Not Your Father's TCP/IP Stack

I sometimes hear of people talking about controlling TCP and UDP ports, as if that is the battleground for network access in 2007. Reality check -- that hasn't been true for years, unfortunately. Boy, I miss those days -- the days when defined applications used defined ports and blocking all but a few meant understanding the applications permitted in the enterprise. The Cisco IPJ article Boosting the SOA with XML Networking reminded me with this excellent diagram.

Those days are long gone, thanks to security monstrosities like those depicted next.

My gut tells me that when I see a bunch of terms squashed into one box, it's going to be a mess to understand, inspect, and control. I expect to hear from the development crowd that XML-fu is God's gift to the Green Earth, but it will take a miracle for me to believe that Everything-over-HTTP-over-port-80-TCP is a "good idea." We've got 65535 TCP ports to use and the whole world is collapsing onto one. Argh.

Incidentally, kudos to Cisco for publishing IPJ in such a Web-friendly format, as well as sending free printed copies.


Jason Meltzer said…
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Jason Meltzer said…
My initial snarkiness suggests that Cisco isn't doing anyone any favours, conceptually or otherwise, by adding to ISORM and calling it 'XML Networking' just because you can hardware accelerate some of it.

Look at it this way though, that is 65534 less ports to worry about;-)

I refuse to wax nostalgic about the networking days of yore... if I wasn't able to spend half to two-third of any given day watching clevery disguised gorilla marketting adverts on youtube... oh, that would be a reality too terrible to imagine. =D
Anonymous said…
My students would freak if I showed them that!!

I think I'll stick to grand-daddies stack and let them find the real thing when they grow up.

Sometimes it's good to learn about motors a-la 1950 before being exposed to the supercharged monstors that are on todays roads
Anonymous said…
We've got 65535 TCP ports to use and the whole world is collapsing onto one

But there's a fair argument that it's us security pros that have made that the case. Since port 80 is often the only thing not firewalled, that's what get used.

John Ward said…

I can't remember an instance over the last year where I worked on a web service based project that ran over port 80. Its not good practice to run services off the same service you run your static content, and last I checked, most application containers were configurable to run on different ports than 80 (Tomcat, Websphere, etc), allowing for seperation of services. Running on port 80 is optional, not a requirement. And even if it wasn't, how hard would it be to set up a rule to monitor a particular context patch in a GET or POST request to determine if a call was to a static HTML page or to a web service?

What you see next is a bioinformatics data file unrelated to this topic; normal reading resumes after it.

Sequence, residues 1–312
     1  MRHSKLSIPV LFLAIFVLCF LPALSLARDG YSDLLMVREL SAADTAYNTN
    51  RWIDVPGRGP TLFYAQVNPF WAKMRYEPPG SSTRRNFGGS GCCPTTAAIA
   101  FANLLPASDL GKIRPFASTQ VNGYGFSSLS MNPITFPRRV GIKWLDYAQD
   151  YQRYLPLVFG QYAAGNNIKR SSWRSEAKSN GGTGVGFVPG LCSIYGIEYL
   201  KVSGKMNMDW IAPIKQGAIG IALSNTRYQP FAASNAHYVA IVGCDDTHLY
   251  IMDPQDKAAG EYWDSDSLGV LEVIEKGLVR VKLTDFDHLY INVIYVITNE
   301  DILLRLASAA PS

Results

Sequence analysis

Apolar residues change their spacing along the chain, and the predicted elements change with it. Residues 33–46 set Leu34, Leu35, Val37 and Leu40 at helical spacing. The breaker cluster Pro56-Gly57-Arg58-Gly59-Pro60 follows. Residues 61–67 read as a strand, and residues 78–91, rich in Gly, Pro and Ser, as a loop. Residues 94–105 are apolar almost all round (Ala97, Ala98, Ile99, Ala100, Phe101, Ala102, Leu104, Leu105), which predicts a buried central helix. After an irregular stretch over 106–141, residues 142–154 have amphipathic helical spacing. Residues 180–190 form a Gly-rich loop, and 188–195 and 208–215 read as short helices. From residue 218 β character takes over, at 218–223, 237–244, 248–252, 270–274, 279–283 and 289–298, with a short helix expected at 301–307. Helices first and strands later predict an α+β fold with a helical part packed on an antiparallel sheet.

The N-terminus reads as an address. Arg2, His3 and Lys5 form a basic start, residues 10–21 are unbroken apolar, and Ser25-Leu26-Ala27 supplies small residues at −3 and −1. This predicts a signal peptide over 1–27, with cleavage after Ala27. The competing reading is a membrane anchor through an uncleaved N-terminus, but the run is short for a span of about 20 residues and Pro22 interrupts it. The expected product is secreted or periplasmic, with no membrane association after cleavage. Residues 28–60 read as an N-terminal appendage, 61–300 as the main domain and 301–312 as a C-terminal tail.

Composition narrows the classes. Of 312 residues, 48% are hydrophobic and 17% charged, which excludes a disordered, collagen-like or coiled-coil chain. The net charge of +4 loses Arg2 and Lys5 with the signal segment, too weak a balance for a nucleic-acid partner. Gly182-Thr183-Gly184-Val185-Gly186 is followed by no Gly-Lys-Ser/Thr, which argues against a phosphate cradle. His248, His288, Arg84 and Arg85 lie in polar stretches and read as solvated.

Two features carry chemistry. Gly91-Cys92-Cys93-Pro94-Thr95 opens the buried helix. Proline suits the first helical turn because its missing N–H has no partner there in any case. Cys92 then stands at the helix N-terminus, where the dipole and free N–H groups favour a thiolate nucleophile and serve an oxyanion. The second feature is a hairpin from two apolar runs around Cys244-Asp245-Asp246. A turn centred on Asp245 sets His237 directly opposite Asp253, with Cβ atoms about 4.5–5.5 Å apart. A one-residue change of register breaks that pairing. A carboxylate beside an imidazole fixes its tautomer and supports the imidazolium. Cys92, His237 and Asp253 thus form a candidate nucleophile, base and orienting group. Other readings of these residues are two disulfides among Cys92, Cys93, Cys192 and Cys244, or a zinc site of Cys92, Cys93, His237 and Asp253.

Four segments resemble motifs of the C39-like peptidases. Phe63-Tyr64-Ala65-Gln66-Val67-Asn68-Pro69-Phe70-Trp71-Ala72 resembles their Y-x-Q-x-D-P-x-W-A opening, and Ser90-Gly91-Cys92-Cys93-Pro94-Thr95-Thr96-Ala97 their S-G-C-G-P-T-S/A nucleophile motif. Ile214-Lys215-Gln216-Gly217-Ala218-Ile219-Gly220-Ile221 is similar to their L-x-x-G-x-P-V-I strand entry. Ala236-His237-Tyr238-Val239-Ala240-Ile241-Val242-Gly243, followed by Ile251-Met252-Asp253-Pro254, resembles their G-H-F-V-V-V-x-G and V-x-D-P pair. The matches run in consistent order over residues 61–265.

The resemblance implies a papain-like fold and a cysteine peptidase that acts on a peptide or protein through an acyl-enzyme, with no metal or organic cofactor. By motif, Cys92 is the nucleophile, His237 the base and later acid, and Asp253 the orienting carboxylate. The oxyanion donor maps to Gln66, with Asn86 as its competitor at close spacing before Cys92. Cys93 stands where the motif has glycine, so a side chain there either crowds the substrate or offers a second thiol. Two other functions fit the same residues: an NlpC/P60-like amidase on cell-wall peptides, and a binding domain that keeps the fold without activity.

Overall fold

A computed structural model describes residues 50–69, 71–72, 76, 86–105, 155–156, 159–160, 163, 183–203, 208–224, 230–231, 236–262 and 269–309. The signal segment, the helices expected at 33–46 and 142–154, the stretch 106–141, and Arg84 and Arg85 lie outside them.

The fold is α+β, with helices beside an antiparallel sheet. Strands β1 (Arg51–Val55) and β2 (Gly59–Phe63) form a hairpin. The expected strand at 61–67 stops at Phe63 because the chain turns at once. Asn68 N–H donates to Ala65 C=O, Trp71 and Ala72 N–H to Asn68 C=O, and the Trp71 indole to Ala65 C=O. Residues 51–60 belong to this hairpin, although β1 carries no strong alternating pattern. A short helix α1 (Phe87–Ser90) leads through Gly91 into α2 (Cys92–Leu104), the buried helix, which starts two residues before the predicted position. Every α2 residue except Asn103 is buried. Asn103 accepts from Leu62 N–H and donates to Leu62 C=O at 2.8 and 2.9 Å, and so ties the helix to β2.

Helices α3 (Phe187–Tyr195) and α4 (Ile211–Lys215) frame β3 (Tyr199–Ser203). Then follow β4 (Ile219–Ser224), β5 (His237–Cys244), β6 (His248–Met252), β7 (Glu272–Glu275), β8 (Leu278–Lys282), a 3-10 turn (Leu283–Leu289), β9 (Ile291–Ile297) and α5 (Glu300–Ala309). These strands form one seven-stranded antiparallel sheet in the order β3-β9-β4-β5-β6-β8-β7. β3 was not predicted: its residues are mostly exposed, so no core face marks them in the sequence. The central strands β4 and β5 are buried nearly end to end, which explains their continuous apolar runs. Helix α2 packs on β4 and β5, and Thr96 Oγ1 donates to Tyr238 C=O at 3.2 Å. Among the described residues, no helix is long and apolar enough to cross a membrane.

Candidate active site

In all web service implementations I've done in the last 6 months, the security folks had to have their arms twisted to do the leg work to do the necessary configuration as mentioned above. God forbid admins should take a break from their busy day of looking at videos on YouTube to do their jobs, none the less actually be able to correctly configure a router or firewall without trial and error (which happens more often than you think). This seems more of an issue of policy than a technical flaw. Smarter folks than us are backing this, so there might be something to it.

Also, why are you knocking web services for riding on HTTP's back when SSH is just as guilty, if not more so. Last I check, SSH allowed for several different encryption schemes, a telnet like session, an FTP like session, a RCP like session, X11 forwarding, and port tunneling, which, by contrast, is a whole lot more dangerous than offering a structured service to return stock quotes over a single, unencrypted port. SSH does more to throw the TCP-IP stack out the window than any other standard out there since with port forwarding, youd have to take the "nice" diagram and start looping layers 3 and 4 up through layer 7 over and over again.

Web services aren't the holy grail of programming, despite what the Java and .Net folks might like us to believe. In fact, it adds tons of unnecessary overhead. But the fact is, the tools exist for making these implementations based on them extremely easy to develop and deploy, far more so than any previous technology. While I don't believe that the future of computing is the strictly SOA that M$ seems to be forcasting and we can throw out our desktops in favor of thin web clients, it does provide a far more attractive alternative than its predecessors.

Just some food for thought.
Anonymous said…
Now that Cisco bought Reactivity, you can expect even more angle brackets in the stack...
Anonymous said…
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